Author: Rich Larson
Release Date: July 24th, 2018
Genre(s) and Themes: Sci-Fi, LGBTQIAP+
Page Count: 368 (paperback)
Annex bucks my recent trend of reading books that have strong beginnings and lackluster endings, because I struggled hard with the beginning of this one. The book presents a city that’s been overrun by aliens. The adults have been captured and turned into non-violent, still-breathing zombies, and the children are being rounded up and experimented on. In the midst of this chaos, we follow the lives of a surviving group of children known as the “Lost Boys” who are led by a teen named Wyatt.
I came into the book expecting a sprawling alien invasion epic set on Earth a la Independence Day, except starring children. The reality, however, was rather different. Let’s count the ways, shall we?
- The story gives you zero introduction to the invasion situation.
From the beginning, I felt like I was thrown into the middle of a story that was already ongoing and my brain was a whirlwind of questions. Who are these aliens? What have they done with the adults? Is the whole world completely destroyed? Why are they experimenting on children? The book just gives you a coy wink and a smile in lieu of answers, and this drove me crazy.
2. The first half of the book is more like a Peter Pan/Lord of the Flies mashup against an alien invasion backdrop.
I don’t know why it took me nearly half the book to figure this out considering the kids literally call themselves the “Lost Boys.” There’s a lot of focus on the dynamics within this little makeshift family, especially between Wyatt and the two main characters, and much of the beginning is just a recounting of their daily lives as they dodge and fight aliens. The scope is very narrow– because these children know very little about the aliens, we know very little about the aliens.
Once I’d finally made peace with these two points, things started to get a lot more enjoyable. And there is a lot to enjoy in this story. Lawson does action scenes very well-dynamic and exciting–and his descriptions of alien-related creations are fiendishly creepy and imaginative. I especially loved the “othermothers”–creatures made by the aliens to resemble the kids’ mothers, if their mothers had metal insect legs. They gave me heavy Bioshock vibes–kind of like a mix of splicers and Big Sisters.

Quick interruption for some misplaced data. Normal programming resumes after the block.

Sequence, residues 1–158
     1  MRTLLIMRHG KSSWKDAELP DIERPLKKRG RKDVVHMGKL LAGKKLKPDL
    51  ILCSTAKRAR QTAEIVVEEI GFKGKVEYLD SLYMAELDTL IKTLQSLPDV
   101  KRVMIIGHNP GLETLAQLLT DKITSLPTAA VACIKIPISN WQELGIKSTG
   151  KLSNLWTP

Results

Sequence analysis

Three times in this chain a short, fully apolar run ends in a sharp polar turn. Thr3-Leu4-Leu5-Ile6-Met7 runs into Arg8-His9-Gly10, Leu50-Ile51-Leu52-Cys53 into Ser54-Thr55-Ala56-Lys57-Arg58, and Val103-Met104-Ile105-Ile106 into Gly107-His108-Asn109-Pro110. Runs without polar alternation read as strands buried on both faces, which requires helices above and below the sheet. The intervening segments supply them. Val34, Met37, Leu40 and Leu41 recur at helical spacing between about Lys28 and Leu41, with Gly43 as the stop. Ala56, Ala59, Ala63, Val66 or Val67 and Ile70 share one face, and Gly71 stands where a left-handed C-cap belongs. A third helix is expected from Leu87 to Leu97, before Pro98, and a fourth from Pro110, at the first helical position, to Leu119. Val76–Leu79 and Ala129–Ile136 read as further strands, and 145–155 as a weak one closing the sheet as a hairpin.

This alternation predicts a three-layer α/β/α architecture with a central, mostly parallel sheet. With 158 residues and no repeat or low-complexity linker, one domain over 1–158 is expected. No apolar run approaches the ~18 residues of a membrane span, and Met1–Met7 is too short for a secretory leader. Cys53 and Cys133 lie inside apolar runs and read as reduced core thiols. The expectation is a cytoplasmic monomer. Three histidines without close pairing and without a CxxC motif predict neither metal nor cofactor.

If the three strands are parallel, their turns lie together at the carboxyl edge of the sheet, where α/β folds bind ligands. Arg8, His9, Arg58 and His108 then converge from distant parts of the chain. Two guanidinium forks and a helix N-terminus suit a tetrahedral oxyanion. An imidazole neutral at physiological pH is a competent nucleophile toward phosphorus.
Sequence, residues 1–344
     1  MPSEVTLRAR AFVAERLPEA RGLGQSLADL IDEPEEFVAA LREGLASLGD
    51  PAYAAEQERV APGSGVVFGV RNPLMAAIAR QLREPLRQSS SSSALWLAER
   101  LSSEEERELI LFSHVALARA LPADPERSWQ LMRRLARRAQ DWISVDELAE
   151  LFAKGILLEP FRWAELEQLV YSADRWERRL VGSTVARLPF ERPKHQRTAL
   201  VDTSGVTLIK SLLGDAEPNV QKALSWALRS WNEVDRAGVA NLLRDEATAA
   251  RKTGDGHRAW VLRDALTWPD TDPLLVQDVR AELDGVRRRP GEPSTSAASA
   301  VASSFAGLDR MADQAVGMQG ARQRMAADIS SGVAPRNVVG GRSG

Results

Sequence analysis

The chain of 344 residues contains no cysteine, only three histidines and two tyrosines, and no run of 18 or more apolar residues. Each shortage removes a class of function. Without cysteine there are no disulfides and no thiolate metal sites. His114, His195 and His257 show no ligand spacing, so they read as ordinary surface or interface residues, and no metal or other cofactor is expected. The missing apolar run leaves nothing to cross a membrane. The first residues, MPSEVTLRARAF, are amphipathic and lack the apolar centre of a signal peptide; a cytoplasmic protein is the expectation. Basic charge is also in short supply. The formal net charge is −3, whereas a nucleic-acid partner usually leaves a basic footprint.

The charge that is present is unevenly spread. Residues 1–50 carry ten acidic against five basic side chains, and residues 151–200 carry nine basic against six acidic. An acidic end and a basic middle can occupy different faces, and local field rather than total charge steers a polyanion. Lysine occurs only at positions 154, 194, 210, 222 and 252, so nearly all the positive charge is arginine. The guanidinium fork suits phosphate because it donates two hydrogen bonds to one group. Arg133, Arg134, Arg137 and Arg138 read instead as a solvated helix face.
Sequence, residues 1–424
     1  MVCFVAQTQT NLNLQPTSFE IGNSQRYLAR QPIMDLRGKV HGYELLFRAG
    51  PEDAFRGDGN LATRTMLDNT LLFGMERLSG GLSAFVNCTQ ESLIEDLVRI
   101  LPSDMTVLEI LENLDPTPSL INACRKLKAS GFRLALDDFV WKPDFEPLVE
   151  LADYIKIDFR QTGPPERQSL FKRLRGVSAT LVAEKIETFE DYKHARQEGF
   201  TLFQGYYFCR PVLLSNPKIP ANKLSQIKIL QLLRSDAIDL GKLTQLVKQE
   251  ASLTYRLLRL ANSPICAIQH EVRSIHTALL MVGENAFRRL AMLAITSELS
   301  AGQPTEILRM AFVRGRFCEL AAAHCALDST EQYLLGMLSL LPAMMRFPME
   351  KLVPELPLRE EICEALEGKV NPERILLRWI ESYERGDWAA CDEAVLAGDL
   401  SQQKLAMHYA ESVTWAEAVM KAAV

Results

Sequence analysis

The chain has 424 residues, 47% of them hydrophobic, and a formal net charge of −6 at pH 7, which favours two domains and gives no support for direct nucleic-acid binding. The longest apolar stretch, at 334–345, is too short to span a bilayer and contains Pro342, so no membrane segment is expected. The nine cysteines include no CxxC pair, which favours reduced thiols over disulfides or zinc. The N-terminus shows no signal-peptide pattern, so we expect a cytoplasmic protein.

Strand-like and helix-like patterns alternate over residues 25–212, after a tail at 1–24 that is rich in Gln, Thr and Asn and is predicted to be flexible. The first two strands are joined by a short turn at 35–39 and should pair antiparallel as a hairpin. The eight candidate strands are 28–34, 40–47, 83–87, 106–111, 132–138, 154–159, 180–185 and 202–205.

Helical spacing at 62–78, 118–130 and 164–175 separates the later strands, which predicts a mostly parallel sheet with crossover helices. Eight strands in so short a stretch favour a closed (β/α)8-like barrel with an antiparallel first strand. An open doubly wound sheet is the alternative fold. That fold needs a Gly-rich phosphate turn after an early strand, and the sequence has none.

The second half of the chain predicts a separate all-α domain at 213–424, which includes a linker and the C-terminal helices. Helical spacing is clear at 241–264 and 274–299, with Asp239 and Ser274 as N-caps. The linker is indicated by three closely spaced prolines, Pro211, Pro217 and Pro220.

The characters are a colourful bunch. We have Bo, an eleven-year old boy who recently escaped from the warehouse where the aliens are performing experiments on kids. Unfortunately, he was my least favourite of the cast as I found him lacking in personality and far, far too old for his age. Then there’s Violet, a fifteen year-old trans girl who’s grappling with the fact that she’s free to be whoever she wants for the first time in her life but still mourning the loss of her parents. Her desire for acceptance and love is is something you can’t not empathize with, and her sassy attitude quickly won me over. There’s also Wyatt, leader of the Lost Boys and a Machiavellian rendition of Peter Pan. He’s charming, manipulative, despicable, campy–sometimes all at once–and wholly entertaining. Larson’s eye for snappy dialogue really brings him to life.
Then around the halfway mark, we meet Gloom the saboteur alien, who is hands-down the best character in the book and one of the more interesting side characters I’ve had the pleasure of meeting this year. Picture slender man in a bowler hat with a facial expression that just looks off. Picture slender man in a bowler hat with the ability to shapeshift. Picture a shape-shifting slender man in a bowler hat with an unintentionally dry sense of humour and an overall endearing personality. That’s Gloom in a nutshell. Is he as awesome as he sounds? You bet. He’s a precious blend of creepy and lovable and he steals pretty much every scene that he’s in.
All in all, Annex turned out to be a fun, fast-paced story that’s very contained and at times claustrophobic. It just took me some time to get settled into it.
Review copy provided by the publisher in exchange for an honest review